Skip to content

Review: First Reformed

June 2, 2018

By John Corrado

★★★★ (out of 4)

To watch First Reformed is to wrestle with the same questions that are plaguing the main character Reverend Toller (Ethan Hawke), a tormented priest who is going through a profound crisis of faith, as he struggles to reconcile himself to the fact that human beings are desecrating the Earth, and wondering if God can ever forgive us for destroying His creation.

Written and directed by Paul Schrader, who famously wrote the screenplay for Martin Scorsese’s Taxi Driver over forty years ago, First Reformed is a stunning dramatic thriller that unfolds with simmering tension, and in many ways serves as a modern day response to that definitive 1976 classic.  Both films are seminal works of their time, and are centred around men unravelling, as they struggle to contain the darkness within themselves that emerges as a response to the evils of the world.

Reverend Toller is an ex-military chaplain, whose life and marriage unravelled after his son was killed in Iraq.  He runs a small Christian Calvinist Reformed Church in Upstate New York, but is struggling to keep it going with a dwindling congregation, as the historic church is now seen as more of a heritage site than an active parish.  But things take a turn when Toller is visited by Mary (Amanda Seyfried), a young pregnant woman who wants him to help counsel her depressed husband Michael (Philip Ettinger), an environmental activist with extremist leanings who served prison time in Canada for protesting, and is reluctant to bring a child into this changing world.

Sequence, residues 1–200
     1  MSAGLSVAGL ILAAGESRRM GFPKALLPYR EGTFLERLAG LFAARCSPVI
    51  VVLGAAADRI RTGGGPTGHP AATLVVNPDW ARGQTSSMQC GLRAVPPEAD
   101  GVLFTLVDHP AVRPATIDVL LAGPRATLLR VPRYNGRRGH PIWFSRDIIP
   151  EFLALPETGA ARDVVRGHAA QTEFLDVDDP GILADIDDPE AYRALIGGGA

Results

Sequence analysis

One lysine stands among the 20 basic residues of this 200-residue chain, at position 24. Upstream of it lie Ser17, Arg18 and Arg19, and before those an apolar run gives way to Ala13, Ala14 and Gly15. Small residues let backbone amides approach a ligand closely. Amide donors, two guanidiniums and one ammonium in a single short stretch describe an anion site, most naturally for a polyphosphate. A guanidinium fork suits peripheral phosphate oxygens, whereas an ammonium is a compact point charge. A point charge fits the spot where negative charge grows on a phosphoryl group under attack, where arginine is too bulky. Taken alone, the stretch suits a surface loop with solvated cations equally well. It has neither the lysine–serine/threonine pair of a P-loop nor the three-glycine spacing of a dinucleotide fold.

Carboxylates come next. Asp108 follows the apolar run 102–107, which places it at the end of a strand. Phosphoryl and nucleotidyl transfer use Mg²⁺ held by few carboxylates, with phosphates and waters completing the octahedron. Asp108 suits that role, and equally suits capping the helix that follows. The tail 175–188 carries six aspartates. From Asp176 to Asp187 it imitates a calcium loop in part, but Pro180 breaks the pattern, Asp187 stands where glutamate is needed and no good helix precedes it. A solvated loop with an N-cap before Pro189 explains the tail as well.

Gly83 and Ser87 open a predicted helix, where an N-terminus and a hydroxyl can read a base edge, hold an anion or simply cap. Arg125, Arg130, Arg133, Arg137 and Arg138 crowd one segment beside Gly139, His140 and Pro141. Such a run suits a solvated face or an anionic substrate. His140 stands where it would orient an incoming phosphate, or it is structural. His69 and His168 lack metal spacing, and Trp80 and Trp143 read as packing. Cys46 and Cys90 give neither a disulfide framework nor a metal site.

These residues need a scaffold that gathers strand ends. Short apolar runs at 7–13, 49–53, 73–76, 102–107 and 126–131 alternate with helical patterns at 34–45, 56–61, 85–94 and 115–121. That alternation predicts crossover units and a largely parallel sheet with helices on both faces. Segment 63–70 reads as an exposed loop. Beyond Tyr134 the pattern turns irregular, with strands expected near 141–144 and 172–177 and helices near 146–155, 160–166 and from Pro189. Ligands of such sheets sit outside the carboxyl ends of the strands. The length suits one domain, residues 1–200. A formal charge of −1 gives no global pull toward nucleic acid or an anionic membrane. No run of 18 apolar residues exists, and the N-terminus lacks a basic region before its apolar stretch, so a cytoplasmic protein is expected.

During a striking dialogue-driven scene early on in the film, Michael talks solemnly but articulately and convincingly about the devastating impacts of climate change and what our planet could look like in 2050, and we can tell that Toller is internalizing it, like these words are giving voice to his own deep-rooted existential fears.  But when Mary makes a dark discovery, that raises alarm bells and calls into question Michael’s capacity for violence, Toller also finds himself being brought further away from the path of salvation, and becomes haunted by questions of self-sacrifice and whether the church is doing enough to address the issue of climate change.

The events of this first act send shockwaves through the rest of First Reformed, underscoring everything that follows with a sort of pressure cooker suspense.  It’s set against the backdrop of the First Reformed Church preparing for their 250th anniversary, with a celebration that is being largely spearheaded by the gregarious pastor (Cedric Kyles) of a corporatized megachurch that sits nearby.  But as the event inches closer, Reverend Toller becomes engulfed by an increasing sense of hopelessness.  He is not only faced with a fraying mental state that threatens to push him catastrophically over the edge, but also struggling to take control of his ailing physical health, with him urinating blood and turning to alcohol as a way to quell his increasingly severe stomach pain.

The comparisons to Taxi Driver are apparent throughout the film, and there are elements of Travis Bickle in Reverend Toller’s unravelling, starting with the fact that they are both veterans struggling to make sense of the world following their service.  But First Reformed also has shades of another film that Paul Schrader wrote for Martin Scorsese; The Last Temptation of Christ.  There is a biblical element to how Toller is being tested, and I was reminded of Willem Dafoe’s brilliant portrayal of Jesus as a conflicted Son of God.  He is a man who is trying to carry the weight and suffering of the world on his shoulders, but becoming tempted by the darkness, not unlike Christ’s forty days in the desert.